With zero AS, the average load imbalance on the two groove walls is c 25% i reckon. Which isn't necessarily a primary problem. But is worth correcting, without being too fussy about it, IMO. Failure to do so at all might result in a few dB of overall peak trackability impairment. Getting it crudely right, but sub-optimal, perhaps less than 1dB. That's possibly as good as it gets.
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Postby LPspinner » 12 Jun 2010 03:50

Hi guys:

Setting anti skate or Bias can be a vexed issue. As a rough guide the makers indicated setting generally get you in the ballpark but no necessarily spot on. Under most conditions this is generally good enough.

How ever, like it has already been stated, setting the bias by using an un-modulated (blank) disc is not correct and would produce incorrect results. I once had a test record that used a constant and steadily increasing signal that was used to set the bias, and it was a snap to use.

The user would first set the down force or tracking force, then approximately set the bias up according to the arms markings. The user would then play the test track listening to the test signal until the signal became so loud (heavily modulated) that is caused the stylus to miss-track. The side that miss-tracked first was the side that needed more bias (Right channel miss-tracking first means more bias, Left channel miss-tracking first means less bias). When the test miss-tracked equally in both channels the Bias was set correctly.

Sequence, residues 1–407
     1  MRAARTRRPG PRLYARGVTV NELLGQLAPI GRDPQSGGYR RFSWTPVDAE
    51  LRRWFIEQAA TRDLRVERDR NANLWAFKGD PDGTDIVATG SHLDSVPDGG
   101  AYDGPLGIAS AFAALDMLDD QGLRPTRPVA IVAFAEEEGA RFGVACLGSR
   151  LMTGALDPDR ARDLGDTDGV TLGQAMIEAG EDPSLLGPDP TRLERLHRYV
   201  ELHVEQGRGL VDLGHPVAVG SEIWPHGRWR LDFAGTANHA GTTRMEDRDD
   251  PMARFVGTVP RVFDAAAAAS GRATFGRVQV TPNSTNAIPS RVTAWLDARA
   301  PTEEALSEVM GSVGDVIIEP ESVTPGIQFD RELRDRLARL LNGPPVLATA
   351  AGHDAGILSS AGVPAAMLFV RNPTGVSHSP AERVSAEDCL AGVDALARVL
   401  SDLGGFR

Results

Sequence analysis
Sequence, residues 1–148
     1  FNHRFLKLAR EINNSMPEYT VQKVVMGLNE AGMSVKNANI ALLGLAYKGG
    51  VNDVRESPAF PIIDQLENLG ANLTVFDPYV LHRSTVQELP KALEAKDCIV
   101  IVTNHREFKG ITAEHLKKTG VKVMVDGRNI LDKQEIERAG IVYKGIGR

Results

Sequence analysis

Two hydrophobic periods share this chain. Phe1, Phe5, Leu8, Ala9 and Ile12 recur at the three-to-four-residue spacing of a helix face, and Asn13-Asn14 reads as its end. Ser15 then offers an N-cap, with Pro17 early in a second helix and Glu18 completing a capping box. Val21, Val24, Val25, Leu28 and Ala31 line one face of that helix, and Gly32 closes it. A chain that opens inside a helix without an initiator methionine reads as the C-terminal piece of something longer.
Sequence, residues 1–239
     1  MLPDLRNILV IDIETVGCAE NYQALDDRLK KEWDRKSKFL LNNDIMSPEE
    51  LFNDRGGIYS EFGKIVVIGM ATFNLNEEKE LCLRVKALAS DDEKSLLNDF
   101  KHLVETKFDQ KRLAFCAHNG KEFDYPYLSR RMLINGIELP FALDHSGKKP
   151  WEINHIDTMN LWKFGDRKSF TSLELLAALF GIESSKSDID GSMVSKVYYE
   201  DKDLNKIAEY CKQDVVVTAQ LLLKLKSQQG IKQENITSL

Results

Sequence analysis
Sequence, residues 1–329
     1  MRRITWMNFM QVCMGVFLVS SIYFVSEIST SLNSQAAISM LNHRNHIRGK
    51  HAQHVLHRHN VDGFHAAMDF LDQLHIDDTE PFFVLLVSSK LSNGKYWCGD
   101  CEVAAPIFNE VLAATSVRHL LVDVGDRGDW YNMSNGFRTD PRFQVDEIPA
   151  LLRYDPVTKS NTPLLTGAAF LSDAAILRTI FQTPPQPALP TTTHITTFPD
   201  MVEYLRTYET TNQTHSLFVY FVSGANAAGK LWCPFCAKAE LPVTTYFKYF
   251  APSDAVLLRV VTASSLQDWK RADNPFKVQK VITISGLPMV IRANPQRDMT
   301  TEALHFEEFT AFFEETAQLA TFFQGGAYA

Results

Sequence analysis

In my experience the arms markings on the arms I used usually got pretty close. In the end I never bothered and I don’t think my enjoyment suffered because of slightly “off” bias settings.

My important observation through all this though, is don’t use and un-modulated disc. Hope this makes sense.

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Postby Paladin » 12 Jun 2010 04:30

I believe what Shure researched and publicized in their heyday. They were colossal and one misstep and the whole world would see it. Shure stuck to their guns and the tech manuals agreed. And it worked for me. Later the magazine with fresh writers decided the old ideas were wrong and eventually told us CDs are better. I haven’t found it necessary to change.

From one of my dusty tech manuals:

“The inward skating force causes the inner wall of the groove and tip to wear faster than the outer wall and, consequently, the frequency response of the inner wall will deteriorate rapidly. The left and right channels of a stereo system are inscribed, respectively, on the inner and outer groove walls. Therefore, the skating force selectively degrades the left channel.
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Postby luckydog » 12 Jun 2010 09:43

Paladin wrote:From one of my dusty tech manuals:

“The inward skating force causes the inner wall of the groove and tip to wear faster than the outer wall and, consequently, the frequency response of the inner wall will deteriorate rapidly. The left and right channels of a stereo system are inscribed, respectively, on the inner and outer groove walls. Therefore, the skating force selectively degrades the left channel.

Hi Paladin. Yes, i think one can see how a 25% average load imbalance (zero AS) might lead to uneven wear for the stylus in the long run. On the other hand, perhaps a more typical 5% imbalance (estimate typ AS) might be reasonably undetectable........ Perfect correction results in reduction of only half of the imbalanced load i.e c 12.5% of VTF for zero antiskate, that might be only 2.5% typ for normal AS setting. Much might depend on to what extent wear and force are related, and if so, to what extent peak force rather than average is the principle wear factor. It's one of those unopposably sound ideas, in the absence of counter information. However, IMO wear is so slow for a well aligned stylus that a typ benefit of perhaps only 2.5% wear life (typ AS), is not a primary concern. Perhaps 12.5% wear life for zero AS would seem something to get concerned about though, IF that estimate is true.